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A few good books & book review of Direct Red coming down the pipe

August 4, 2009

One of the perks of being an active blogger is that sometimes companies send you things to review and requests to guest-write; little old me in frosty Canada never really thought I’d be in that boat, but my e-mail has been busy of late. The first review I’ll tackle is that of a book called Direct Red: A surgeons view of her life or death profession. STAY TUNED – I’ve got to read it first!!

I’m a little slower a recreational reader than I used to be, probably because my nose is buried in non-fiction textbooks a lot of the time, which means reading (on the whole) sometimes seems like it holds little pleasure. Medical fiction and non-fiction written in a story-telling style does captivate me, so in the past few years, I’ve gobbled up books like House of God (Samuel Shem), Stiff (Mary Roach), Phantoms in the Brain (V.S. Ramachandran), The Man who Mistook his Wife for a Hat (Oliver Sacks), Bloodletting and Other Miraculous Cures (Vincent Lam), Girlfriend in a Coma (Douglas Coupland), and Choke (Chuck Palaniak).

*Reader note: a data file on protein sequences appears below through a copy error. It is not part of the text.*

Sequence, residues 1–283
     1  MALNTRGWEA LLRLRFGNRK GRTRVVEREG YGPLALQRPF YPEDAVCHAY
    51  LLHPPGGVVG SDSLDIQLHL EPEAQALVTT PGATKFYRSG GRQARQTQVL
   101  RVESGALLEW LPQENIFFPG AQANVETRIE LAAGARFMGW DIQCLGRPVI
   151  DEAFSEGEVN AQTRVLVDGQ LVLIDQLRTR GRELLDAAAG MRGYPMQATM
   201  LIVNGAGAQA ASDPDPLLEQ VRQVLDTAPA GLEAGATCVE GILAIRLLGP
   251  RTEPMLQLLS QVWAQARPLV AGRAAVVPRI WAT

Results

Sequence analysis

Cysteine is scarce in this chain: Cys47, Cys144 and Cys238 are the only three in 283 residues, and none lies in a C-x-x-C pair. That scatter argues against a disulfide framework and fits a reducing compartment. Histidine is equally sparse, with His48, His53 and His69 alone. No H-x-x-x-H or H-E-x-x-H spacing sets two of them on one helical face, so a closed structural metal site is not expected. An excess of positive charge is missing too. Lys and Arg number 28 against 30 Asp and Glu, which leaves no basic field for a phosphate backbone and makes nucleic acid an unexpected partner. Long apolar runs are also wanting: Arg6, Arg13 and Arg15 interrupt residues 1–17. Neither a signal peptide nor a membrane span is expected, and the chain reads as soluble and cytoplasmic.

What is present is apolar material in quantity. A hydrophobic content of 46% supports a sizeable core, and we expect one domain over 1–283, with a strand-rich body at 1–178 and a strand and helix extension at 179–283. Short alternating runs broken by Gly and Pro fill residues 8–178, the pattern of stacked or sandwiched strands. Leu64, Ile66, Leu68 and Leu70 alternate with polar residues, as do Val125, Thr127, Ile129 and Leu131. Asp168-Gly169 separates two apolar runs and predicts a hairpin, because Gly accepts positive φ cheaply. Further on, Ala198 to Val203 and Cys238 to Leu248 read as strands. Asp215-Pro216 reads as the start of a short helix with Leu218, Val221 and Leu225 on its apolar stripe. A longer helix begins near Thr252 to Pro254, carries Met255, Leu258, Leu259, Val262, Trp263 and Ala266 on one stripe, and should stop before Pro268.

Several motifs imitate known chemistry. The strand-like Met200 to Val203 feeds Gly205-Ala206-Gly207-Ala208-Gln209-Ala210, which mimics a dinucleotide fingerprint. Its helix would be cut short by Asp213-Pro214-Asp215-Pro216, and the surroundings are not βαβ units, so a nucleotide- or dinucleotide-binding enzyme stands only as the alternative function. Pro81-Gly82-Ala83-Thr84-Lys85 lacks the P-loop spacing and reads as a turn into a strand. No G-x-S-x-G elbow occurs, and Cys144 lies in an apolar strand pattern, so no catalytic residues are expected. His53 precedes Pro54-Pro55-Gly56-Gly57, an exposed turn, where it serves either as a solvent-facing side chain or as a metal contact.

The most atypical so far was Violent Cases (Neil Gaiman with illustrations by Dave McKean, of MirorMask fame). It’s a graphic novel exploring a little boy’s interest in Al Capone’s old osteopath, and a cherished gift from a friend working for Dark Horse Comics. Though many of these are on the periphery of medical fiction, I don’t care! I like them!

In Direct Red, I am looking forward to this rare female account of the world of surgery and what parallels it may have with my own training. Here’s a taste from HarperCollins on Direct Red:

Surgeons have long been known for their allergy to doubt, an unsurprising trait in professionals who must play God, routinely risking someone else’s life in order to do their job. But in this poignant account of her surgical training, Gabriel Weston, a member of Britain’s Royal College of Surgeons, reveals the humanity beneath the veneer of invincibility. Interweaving her own story with those of her patients, Weston evokes both the humor and the heartbreak that come of medicine’s daily confrontation with the ultimate unknowability of the human body. With prose that never flinches from the raw, graphic realities of a surgeon’s day, Weston confronts life, death, and the unique difficulties of being a female surgeon in a heavily male-dominated profession.

So, keep your dials locked to Dr.Ottematic and I’ll let you know how Direct Red measures up. In the meantime, what other medical fiction (or non-fiction storytelling) have you read and loved?

(Please pardon all the linking to Amazon. They don’t pay me. I just find their site the easiest to use. Support your local bookstore or library too!)


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